Guimoon starts off with a great formula. An experienced shaman commits suicide after attempting to exorcise a murderous spirit from an abandoned building. Her son returns to finish what she started, by creating a ritual door to step through and enter a middle space where the living and dead alike can walk. His plan – free all the trapped souls and remove the malignant entity. So far, great stuff.
Enter three college students who are trying to do a Blair Witch with their handheld camera. Their hope? To capture some horrific footage as submission to a video contest that can pay for tuition. Mmm, not so great, but I’ll bite.
There’s promise to be had here, pitting skeptics (as cliche in characterisation as they are) against a seasoned spiritual warrior, and Guimoon ladles out the scares with equal parts of dread and shock early on. It is sadly the latter half that spirals out of director’s Shim Duck-geun’s hands, as the missions collapse quickly under familiar tropes that are less imaginative, with nary the original motivations in sight.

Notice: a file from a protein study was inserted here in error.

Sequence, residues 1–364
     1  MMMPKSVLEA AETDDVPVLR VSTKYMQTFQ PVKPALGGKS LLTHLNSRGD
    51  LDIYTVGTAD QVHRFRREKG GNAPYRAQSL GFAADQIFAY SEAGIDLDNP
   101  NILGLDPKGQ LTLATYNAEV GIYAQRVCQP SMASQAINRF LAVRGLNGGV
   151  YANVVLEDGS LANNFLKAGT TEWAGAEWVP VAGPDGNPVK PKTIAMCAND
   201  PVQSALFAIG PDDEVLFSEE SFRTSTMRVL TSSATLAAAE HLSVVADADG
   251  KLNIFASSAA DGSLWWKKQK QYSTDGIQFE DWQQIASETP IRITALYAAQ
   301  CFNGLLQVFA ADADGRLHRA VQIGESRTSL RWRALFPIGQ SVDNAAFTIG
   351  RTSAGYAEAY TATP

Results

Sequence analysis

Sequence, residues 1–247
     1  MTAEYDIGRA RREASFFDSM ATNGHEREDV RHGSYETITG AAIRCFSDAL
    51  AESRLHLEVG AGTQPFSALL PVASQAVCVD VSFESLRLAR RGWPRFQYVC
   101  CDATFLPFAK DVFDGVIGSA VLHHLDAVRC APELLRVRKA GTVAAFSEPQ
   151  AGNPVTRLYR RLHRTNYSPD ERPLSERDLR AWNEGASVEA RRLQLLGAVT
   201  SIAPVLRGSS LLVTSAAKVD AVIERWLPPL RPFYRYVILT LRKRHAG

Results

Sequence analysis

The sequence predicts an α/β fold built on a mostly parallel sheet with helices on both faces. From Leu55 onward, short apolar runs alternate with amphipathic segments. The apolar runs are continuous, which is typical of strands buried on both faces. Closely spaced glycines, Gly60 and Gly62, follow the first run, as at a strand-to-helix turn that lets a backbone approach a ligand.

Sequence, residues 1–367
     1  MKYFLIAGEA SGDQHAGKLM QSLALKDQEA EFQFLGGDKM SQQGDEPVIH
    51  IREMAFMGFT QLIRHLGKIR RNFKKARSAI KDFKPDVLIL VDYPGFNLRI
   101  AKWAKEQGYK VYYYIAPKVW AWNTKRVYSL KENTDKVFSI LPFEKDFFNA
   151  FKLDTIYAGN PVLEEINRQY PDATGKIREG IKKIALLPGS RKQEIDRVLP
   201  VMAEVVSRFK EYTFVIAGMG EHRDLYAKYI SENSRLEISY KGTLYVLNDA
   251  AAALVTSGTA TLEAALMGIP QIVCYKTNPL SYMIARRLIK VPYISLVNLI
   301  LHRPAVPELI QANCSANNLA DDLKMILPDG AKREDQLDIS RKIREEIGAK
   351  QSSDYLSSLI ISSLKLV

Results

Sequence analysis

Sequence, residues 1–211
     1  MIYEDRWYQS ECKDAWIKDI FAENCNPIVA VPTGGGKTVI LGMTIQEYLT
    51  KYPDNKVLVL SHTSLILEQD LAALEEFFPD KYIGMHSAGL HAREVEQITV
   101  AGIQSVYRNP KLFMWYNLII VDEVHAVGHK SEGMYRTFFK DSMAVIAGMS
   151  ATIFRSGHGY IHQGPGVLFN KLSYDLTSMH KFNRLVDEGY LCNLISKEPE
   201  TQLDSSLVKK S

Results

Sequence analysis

Kim Kang Woo as Do-jin the young shaman has an intensity that lends itself to some taut scenes. Even through intense close-ups, he’s able to finesse a range of expressions, giving us some truly tense moments. This however gets a little overplayed later on, with him lashing out dramatically for no solid reason. For the students, the reverse is true. They seem to act awkwardly in the face of danger, and sometimes having amnesia to the escalating madness and each acting as a catalyst for another to be placed in harm’s way. It’s a little convenient to say the least.
It’s a shame because the intention could have led to a richer story. We were just made to find out a little more about the residents of the building, lending an emotional element to the exorcism, before the writer completely abandoned that arc for no reason. And when the students want to escape, their random encounters deflate the sequence and pacing to make it all rather unexciting.
There’s great moments, no doubt. Some of the best dread occurs early on, with clever play of audio and camerawork planting the horror, but this gives up a little too early to enter slash and gore zone, with a twist that doesn’t have the intended impact due to obvious early signals. With some rework, Guimoon could have been outstanding and played out a story of grief, vengeance and even societal issues, but instead it sputters out with a lazy last act, and becomes a wasted medicare piece.